Dr. Long Tran conducts research and teaching on nonprofit and public management. His research centers on cooperation and coordination, which are two interrelated challenges of management. While the cooperation challenge emphasizes the alignment of incentives, the coordination challenge underlines the alignment of actions. Tran’s overarching research questions are why, how and to what effect social actors cooperate and coordinate to serve public interests. He has published in a variety of scholarly outlets, such as Educational Evaluation and Policy Analysis, Nonprofit and Voluntary Sector Quarterly, and Public Management Review.
Prior to joining the Glenn College, Tran received his doctorate in public administration and policy from the American University’s School of Public Affairs.
Outside academia, Tran has had research and consulting experience at many local nonprofits and international development organizations, such as the German Corporation for International Cooperation, the United Nations Development Programme, and the U.S. Agency for International Development's International Development Innovation Network.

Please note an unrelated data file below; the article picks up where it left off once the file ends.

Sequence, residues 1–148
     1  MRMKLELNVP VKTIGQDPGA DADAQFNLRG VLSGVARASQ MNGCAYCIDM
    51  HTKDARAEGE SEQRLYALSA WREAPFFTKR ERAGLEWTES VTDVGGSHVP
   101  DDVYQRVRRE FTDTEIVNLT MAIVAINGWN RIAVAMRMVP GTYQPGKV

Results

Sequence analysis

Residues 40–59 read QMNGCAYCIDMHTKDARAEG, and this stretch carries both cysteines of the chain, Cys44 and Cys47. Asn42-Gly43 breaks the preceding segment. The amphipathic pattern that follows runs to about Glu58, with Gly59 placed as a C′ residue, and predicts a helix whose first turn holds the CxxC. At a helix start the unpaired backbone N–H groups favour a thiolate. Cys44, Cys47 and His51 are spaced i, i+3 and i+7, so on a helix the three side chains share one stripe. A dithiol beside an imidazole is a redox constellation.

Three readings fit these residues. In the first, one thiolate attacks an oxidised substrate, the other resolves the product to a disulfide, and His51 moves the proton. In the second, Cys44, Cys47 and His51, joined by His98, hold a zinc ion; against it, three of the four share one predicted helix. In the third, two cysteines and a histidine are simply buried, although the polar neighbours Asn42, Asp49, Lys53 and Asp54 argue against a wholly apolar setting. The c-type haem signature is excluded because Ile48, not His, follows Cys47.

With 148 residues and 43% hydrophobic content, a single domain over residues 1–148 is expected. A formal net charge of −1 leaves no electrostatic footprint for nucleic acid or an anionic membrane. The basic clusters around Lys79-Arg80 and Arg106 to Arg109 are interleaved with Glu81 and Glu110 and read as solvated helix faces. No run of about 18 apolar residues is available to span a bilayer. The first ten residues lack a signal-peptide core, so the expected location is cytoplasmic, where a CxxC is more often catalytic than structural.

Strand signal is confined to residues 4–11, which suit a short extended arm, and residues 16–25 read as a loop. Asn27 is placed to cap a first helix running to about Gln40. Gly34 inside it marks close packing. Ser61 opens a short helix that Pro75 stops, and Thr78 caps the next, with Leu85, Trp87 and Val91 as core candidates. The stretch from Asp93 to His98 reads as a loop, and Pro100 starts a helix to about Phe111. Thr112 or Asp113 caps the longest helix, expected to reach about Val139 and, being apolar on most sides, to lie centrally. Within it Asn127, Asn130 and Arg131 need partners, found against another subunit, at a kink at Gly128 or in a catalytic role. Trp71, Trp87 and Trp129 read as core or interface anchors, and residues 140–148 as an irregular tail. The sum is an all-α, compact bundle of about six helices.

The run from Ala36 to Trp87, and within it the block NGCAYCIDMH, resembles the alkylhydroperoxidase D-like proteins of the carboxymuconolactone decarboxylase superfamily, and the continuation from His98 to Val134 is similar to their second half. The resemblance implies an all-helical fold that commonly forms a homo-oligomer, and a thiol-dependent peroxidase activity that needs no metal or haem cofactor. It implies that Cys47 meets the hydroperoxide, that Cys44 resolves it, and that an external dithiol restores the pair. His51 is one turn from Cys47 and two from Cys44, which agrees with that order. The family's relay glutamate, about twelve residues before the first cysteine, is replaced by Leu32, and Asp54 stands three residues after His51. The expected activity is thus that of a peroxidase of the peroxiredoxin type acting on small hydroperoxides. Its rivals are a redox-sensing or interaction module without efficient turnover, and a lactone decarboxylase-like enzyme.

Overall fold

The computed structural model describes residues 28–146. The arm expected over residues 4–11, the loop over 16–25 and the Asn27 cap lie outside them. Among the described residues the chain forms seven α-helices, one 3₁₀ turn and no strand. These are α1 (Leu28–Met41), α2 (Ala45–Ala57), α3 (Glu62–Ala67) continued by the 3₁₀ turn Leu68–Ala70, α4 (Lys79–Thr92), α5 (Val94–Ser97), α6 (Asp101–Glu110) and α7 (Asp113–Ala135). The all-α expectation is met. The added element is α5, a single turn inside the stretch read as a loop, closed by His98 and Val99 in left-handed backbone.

In July 2020, Columbus City leaders commissioned an independent, outside after-action review of the City’s response to protests that took place last summer. Former U.S. Attorney for the Southern District of Ohio Carter Stewart and the John Glenn College of Public Affairs were named the lead investigative team.
In this study, published in Economic Development Quarterly, the authors present a statistically valid typology of high-growth firms, also known as gazelles, to determine if payroll and job growth patterns differ between groups or clusters.
This study, published in the Bulletin of the American Meteorological Society, presents an experimental design that overcomes the counterfactual problem present in all prior published experiments by relying on an actual storm with a known outcome.